Botswana is one of Africa’s fastest growing countries, as measured by GDP, over the last five decades. It has regularly been characterised as a ‘success story’ of market-centred governance approaches, which prioritise market facilitating measures over interventionist policies, including the protection of property rights, strong rule of law and transparency in government. In this paradigm the state plays a facilitative role but seldom enters into more interventionist terrain, guided by what Mushtaq Khan has described as ‘market enhancing governance’; in this view the government facilitates the market but never challenges it nor ‘disciplines’ (alters) the behaviour of capital.
Good governance proponents have therefore argued that Botswana’s success, largely led by strong growth in the country’s diamond sector, is a function of the country’s conservative fiscal approach. For example the Government of Botswana has financed recurrent expenditure from non-mineral revenues, which in turn has consistently accrued fiscal surpluses. Orthodox accounts have lauded this facilitative role in relation to capital.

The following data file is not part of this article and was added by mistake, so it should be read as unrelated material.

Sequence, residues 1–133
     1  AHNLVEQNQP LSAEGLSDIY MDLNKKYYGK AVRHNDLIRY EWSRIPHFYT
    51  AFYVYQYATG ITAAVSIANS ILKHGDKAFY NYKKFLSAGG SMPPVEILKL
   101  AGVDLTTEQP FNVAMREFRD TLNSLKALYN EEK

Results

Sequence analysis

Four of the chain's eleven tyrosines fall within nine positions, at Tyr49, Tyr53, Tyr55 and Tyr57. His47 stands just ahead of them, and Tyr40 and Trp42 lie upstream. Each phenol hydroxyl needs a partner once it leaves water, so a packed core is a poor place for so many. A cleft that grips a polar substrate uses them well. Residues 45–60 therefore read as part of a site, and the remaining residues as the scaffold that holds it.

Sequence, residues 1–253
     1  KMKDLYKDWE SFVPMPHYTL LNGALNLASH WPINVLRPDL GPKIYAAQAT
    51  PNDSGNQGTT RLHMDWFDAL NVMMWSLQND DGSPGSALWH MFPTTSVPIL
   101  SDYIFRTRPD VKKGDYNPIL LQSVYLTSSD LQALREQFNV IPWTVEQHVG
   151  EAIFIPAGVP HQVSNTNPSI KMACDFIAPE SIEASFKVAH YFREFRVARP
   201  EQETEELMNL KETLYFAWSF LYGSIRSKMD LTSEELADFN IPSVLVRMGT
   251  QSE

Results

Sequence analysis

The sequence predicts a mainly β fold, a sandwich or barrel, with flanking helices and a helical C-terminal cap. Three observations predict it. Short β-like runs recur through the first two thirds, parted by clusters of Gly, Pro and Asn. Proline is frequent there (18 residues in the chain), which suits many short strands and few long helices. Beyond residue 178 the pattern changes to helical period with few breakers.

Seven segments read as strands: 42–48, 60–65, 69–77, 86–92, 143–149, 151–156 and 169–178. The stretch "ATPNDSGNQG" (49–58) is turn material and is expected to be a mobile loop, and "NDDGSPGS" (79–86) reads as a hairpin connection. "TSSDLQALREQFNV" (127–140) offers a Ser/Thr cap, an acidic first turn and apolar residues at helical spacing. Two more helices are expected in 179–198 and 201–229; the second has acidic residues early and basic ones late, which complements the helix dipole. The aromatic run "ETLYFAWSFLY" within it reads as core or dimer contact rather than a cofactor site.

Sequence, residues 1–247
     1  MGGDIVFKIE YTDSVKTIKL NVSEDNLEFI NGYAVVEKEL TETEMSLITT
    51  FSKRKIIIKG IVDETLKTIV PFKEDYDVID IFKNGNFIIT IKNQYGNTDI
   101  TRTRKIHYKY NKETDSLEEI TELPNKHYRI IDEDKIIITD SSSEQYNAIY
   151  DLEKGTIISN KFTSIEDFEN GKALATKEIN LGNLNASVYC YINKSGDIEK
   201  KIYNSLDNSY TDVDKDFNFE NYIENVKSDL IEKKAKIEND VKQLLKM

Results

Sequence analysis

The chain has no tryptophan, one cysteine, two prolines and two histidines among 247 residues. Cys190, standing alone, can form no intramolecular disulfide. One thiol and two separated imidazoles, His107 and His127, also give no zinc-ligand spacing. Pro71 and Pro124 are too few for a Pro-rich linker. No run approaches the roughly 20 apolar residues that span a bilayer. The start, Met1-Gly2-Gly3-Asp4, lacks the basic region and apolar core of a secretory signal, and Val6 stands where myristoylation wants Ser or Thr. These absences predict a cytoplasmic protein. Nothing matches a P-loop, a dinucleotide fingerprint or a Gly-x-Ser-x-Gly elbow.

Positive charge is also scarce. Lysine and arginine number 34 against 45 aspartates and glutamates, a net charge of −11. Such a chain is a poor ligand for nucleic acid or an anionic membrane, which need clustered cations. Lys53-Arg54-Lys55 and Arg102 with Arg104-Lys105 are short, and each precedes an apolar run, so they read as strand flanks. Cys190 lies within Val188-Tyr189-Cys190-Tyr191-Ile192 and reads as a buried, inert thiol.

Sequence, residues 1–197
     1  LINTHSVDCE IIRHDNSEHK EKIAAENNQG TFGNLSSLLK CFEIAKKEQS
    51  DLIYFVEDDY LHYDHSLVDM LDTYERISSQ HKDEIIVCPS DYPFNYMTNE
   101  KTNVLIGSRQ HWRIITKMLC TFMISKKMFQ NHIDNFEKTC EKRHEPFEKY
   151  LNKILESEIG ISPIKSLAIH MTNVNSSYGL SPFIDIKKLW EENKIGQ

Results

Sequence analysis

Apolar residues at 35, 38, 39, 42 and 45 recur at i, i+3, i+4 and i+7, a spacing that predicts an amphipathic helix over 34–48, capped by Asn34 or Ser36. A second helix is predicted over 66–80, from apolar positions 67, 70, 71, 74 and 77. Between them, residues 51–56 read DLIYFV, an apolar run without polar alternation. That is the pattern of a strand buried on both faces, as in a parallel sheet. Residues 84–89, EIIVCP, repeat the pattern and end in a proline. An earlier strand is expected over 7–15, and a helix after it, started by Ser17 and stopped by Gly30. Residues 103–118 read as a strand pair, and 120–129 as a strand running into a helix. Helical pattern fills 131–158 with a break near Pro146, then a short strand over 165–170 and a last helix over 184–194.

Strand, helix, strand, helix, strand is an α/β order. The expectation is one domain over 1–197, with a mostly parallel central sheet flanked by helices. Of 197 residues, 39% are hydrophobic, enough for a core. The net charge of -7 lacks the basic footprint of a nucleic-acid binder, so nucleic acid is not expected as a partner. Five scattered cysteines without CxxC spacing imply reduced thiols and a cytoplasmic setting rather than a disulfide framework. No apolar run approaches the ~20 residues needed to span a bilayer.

This account, however, ignores the strong disciplining role that the government has played in relation to capital, particularly the transnational capital financing operating in its dominant diamond mining sector. The government has one of the highest mineral government takes (MGT) – i.e. the share of mineral rents accumulated by the state relative to capital – globally. For example, some Botswanan experts have estimated that the government has collected 90% of mineral rents over the past 30 years. The magnitude of this achievement cannot be overstated. For example, it has been predicted that if South Africa (with its relatively well developed and progressive tax system) had the same annual average MGT as Botswana between 1994 and 2013, government revenue relative to GDP would have been about 2.8% higher per year.